Daniel Halliday
Apr 12 · Last update 3 mo. ago.
Should crimes committed online be prosecuted internationally?
A British woman has recently been arrested in Dubai following a Facebook comment she posted in the UK referring to her ex-husbands wife as a “horse”. The post in question apparently violates Dubai’s strict anti-defamation laws and the women faces up to a two year jail sentence or a $65,000 USD fine. Although on the surface this seems a fairly ridiculous case, in reality there are many seemingly unrelated issues that occupy in a nuanced legal area of international cyber-crime. Is Dubai right to prosecute someone for a Facebook post, posted abroad? Should crimes committed online be tried in the country they were committed in or internationally? bbc.co.uk/news/uk-47847740
Stats of Viewpoints
No, laws are regional and cannot by exported to other countries
0 agrees
0 disagrees
Yes, a country should uphold their laws
0 agrees
0 disagrees
The need for new international law for cyber crimes
0 agrees
0 disagrees
Not for such minor crimes
0 agrees
0 disagrees
Viewpoints
Add New Viewpoint
No, laws are regional and cannot by exported to other countries

Laws should be enforced, and crimes prosecuted against, only in the regions in which they are committed. The Dubai authorities should have deported the woman and required British law enforcement to deal with her, this was not a crime when and where the act was being committed, and it should not be prosecuted as one. It is analogous to prosecuting a crime retrospectively for infringements of crimes that are not yet crimes, another grey area that would be unjust and lead to needless prosecution. Attempting to prosecute all legal infringements internationally would run into many issues breaking laws people are unaware of globally or that wouldn’t be a crime regionally, it is ridiculous and makes no sense as potentially every tourist entering Dubai could be accused of similar crimes.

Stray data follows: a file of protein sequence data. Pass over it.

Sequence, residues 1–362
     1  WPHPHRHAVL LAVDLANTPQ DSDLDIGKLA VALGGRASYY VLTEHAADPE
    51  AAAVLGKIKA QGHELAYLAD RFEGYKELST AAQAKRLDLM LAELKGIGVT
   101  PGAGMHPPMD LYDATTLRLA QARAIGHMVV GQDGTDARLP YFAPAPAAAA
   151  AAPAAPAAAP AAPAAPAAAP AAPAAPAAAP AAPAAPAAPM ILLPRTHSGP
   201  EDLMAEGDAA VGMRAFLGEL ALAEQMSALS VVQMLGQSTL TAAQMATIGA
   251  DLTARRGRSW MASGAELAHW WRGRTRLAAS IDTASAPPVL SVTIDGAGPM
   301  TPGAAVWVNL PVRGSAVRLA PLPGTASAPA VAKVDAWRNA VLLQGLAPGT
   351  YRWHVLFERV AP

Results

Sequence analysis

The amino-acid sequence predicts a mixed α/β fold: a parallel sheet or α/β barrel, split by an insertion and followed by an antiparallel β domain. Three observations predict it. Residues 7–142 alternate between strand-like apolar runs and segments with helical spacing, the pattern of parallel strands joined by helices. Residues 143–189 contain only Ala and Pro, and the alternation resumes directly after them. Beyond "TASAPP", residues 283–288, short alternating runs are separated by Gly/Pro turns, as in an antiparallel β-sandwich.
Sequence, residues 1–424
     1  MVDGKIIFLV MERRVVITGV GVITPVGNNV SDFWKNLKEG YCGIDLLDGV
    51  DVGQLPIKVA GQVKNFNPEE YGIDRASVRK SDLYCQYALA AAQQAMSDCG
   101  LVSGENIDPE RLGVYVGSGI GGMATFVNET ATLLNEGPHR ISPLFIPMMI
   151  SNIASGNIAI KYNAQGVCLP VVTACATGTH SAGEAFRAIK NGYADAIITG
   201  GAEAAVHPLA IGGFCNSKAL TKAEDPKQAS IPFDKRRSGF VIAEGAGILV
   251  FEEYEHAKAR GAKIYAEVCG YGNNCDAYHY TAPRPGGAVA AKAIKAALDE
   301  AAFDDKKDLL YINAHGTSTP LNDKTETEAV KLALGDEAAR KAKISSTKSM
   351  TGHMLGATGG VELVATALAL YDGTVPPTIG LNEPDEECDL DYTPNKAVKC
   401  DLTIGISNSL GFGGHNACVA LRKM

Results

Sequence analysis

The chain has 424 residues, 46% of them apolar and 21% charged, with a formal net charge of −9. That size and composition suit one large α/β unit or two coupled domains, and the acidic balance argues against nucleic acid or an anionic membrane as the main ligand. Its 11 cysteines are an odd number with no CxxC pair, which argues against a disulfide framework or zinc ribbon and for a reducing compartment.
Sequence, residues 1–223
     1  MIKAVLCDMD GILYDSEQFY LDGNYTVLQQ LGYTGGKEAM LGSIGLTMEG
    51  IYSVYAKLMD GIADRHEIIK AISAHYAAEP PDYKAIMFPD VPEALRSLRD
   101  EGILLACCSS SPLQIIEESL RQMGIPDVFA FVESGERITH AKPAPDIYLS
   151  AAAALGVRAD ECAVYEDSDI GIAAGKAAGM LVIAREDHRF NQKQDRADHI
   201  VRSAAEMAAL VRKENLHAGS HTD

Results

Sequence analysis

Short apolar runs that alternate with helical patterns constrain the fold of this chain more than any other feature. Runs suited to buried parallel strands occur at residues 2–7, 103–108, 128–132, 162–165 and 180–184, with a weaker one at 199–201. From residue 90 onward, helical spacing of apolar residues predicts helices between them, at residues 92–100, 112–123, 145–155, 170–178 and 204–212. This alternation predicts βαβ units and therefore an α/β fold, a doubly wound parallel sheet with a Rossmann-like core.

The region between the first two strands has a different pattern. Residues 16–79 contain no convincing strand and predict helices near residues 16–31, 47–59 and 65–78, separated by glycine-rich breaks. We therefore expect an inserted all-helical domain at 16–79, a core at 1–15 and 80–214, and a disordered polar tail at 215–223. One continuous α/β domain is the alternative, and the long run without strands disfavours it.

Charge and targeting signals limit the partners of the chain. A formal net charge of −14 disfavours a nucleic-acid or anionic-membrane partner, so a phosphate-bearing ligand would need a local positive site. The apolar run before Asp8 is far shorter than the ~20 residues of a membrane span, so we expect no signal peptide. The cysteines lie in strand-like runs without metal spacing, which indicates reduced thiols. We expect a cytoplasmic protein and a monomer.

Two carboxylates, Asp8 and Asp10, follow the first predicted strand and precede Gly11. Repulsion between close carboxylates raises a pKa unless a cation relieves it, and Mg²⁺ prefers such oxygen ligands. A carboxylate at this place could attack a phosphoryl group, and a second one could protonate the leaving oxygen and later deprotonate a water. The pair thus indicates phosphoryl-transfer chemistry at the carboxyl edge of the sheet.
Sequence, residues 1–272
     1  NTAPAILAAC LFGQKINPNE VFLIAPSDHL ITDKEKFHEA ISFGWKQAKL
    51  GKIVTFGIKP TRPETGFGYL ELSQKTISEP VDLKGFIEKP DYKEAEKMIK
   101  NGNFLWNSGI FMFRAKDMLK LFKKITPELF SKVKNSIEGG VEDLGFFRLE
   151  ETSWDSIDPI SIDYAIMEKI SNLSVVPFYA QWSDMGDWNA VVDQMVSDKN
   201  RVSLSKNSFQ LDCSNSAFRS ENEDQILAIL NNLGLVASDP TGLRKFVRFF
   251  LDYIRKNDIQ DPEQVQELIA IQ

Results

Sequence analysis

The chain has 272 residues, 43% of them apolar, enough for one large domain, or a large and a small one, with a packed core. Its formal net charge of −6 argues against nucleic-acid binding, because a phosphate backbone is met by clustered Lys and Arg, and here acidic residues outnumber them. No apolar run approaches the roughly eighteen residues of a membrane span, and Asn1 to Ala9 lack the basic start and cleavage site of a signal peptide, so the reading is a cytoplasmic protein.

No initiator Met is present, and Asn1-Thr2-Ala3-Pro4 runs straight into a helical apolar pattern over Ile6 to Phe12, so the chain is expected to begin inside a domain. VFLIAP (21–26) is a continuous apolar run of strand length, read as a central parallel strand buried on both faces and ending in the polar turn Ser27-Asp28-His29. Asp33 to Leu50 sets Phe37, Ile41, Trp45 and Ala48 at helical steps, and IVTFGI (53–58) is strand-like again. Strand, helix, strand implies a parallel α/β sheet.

businessinsider.co.za/laleh-shahravesh-brit-faces-dubai-jail-for-calling-exs-wife-horse-2019-4

Agree
Disagree
Yes, a country should uphold their laws

Just because the crime was committed remotely doesn’t detract from the fact that the criminal targeted and carried out the act with intention to cause harm, any country is right to enforce their own laws, both on their own citizens and on foreign nationals. In the case of the British woman arrested in Dubai the crime was committed remotely but it is a similar to defamation committed in the country, and arguably it would have reached more people in fact being online making it almost worse. In addition the woman was formerly married to a man in this region so would have been somewhat aware of regional laws, and her behaviour was initially reported due to longstanding online harassment, making this a clear attempt to cause harm, an infringement of the law and not a issue of her ignorance. If similar crimes had led to hacking or stealing money, there would not have been such a media backlash against this case and people would be more inclined to favour prosecution, Dubai is right to uphold their laws in this way.

irishexaminer.com/breakingnews/world/let-the-law-take-part--woman-branded-horse-by-uk-woman-on-facebook-glad-she-faces-jail-in-dubai-916138.html

Agree
Disagree
The need for new international law for cyber crimes

The internet is almost a separate space that operates alongside the real world, should there not be different laws applied, and should that not have to be ubiquitous for all users of the internet? Forming an overriding set of international laws to govern the internet could help to deal with the problems of hacking other countries and defamation cases such as the Saudi case. But they could also help resolve cases of whistleblowing (the Snowden, Assange, and Manning cases) that have led to torture, or an escape of it, and the breaking of international human rights. The current situation of certain countries harbouring other countries “criminals” for political reasons needs to end but at the same time international law needs to be upheld. The world needs a set of guidelines to make obvious what does and does not constitute crime online, as multiple cases have demonstrated that a world on the internet is filled with legal nuances.

youtube.com/watch?v=Yu8KQ7ceN9w

Agree
Disagree
Not for such minor crimes

This particular example represents an overzealous application of law involving what is, or in this case isn’t, cyber-crime in some countries. Some countries still need to work on the legalities of the use of new technologies, and questions such as what constitutes a crime worth pursuing foreign nationals for. Under strictly authoritarian regimes this issue seems particularly in need of reviewing in some way, especially considering the similar recent case involving the fining and deportation of a jealous wife who checked her husband’s phone in the United Arab Emirates (link below).

bbc.co.uk/news/world-middle-east-36320749

Agree
Disagree
Translate